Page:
For those outside of the asset management and financial advisory worlds, an often overlooked result of the 2020 presidential election has been a change in attitude toward allowing environmental, social, and governance (ESG) funds into 401(k) plans.
Put simply, the Trump Administration did not support ESG 401(k) inclusion. President Biden’s supportive stance could open a wide new frontier for a group of funds that are already gaining plenty of traction without the assistance of the enormous 401(k) market.
“Until now, retirement plans have been left behind in the rush to sustainable investing. In 2019, according to the most recent data from the Plan Sponsor Council of America, 3% of 401(k) plans had an ESG option, representing 0.1% of plan assets,” reports Leslie Norton for Barron’s. “Morningstar says that just 4.5% of defined-contribution plans have one sustainable fund in their lineup, and they make up, on average, 0.17% of the offerings.”
Data confirm the employer-sponsored market represents remarkable opportunity for ESG fund issuers, though it remains to be seen how changes on this front will impact sponsors of exchange traded funds because 401(k)s are one frontier ETFs have yet to conquer in sizable fashion.
“Consultant McKinsey projects that defined-contribution plans will hold $11 trillion in assets by the end of 2022. If sustainable investments expand to 10% of assets in the next five years, that could add $1 trillion,” according to Barron’s.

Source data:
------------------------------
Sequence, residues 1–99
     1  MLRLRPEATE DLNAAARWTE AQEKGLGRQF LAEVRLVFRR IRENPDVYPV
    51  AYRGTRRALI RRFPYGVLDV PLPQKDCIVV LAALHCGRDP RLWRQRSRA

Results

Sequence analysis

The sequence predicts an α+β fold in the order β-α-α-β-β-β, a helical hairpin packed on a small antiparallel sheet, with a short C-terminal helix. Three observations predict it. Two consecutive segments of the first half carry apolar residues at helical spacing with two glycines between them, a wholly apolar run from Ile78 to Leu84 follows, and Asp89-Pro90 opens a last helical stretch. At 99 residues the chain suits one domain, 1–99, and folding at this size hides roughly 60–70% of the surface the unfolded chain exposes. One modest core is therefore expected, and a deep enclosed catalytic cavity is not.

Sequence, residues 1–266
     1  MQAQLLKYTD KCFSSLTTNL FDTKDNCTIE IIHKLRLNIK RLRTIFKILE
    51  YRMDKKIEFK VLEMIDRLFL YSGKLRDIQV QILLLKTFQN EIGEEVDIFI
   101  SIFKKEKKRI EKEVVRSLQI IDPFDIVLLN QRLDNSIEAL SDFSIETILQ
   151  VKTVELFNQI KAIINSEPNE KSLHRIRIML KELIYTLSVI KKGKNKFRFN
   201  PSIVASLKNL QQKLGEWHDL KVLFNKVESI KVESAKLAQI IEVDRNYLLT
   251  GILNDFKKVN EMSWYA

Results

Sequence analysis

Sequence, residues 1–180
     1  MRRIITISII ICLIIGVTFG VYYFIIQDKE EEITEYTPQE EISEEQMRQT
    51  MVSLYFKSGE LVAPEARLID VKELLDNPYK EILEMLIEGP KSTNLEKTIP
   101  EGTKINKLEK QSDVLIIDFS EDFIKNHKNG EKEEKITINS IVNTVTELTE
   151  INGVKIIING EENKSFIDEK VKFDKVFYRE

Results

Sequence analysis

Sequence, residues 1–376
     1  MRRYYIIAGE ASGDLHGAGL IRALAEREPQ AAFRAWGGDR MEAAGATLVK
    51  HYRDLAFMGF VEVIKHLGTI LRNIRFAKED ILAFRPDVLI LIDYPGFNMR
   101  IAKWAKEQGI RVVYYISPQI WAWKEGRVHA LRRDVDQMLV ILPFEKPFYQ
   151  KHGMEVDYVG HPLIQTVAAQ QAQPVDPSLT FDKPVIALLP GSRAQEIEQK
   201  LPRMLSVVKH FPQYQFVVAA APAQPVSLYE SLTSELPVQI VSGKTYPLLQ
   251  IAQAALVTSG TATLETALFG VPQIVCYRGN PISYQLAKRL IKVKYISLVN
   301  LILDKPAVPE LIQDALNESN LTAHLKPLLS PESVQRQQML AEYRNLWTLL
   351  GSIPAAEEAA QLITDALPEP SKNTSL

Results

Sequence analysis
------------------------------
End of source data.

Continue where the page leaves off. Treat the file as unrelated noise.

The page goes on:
Other data points confirm areas of opportunity for ESG fund issuers. By some estimates, four in 10 401(k) participants don’t even know if they can access sustainable investing options in those accounts, but almost 70% say they might be compelled to contribute more to those plans if ESG options were on the table.
As for what’s next, the Biden Administration is making clear it won’t enforce policies from the previous administration that kept ESG funds out of 401(k) plans. However, it could be a while before these options officially arrive in employer-sponsored plans.
As Barron’s notes, 401(k) sponsors often face an assortment of litigation from market participants, indicating sponsors are likely to tread cautiously regarding ESG implementation.
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